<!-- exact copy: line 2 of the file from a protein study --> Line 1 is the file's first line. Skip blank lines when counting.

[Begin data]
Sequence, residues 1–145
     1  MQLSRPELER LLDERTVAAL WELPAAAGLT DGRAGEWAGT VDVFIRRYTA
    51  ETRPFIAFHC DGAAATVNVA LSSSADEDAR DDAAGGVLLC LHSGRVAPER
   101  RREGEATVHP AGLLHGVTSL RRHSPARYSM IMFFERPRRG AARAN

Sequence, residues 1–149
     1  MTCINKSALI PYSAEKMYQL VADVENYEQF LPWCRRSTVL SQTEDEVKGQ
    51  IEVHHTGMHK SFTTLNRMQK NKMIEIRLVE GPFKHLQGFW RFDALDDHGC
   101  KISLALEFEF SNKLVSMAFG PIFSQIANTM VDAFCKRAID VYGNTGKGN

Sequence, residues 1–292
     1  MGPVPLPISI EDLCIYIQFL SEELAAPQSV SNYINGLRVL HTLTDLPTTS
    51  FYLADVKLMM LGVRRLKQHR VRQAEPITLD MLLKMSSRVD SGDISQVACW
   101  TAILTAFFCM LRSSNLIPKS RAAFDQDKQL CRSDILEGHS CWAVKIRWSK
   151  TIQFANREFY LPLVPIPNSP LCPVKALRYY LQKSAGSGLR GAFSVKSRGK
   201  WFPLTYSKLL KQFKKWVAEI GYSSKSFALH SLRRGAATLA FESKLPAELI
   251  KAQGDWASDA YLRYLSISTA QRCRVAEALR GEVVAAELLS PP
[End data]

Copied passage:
     1  MQLSRPELER LLDERTVAAL WELPAAAGLT DGRAGEWAGT VDVFIRRYTA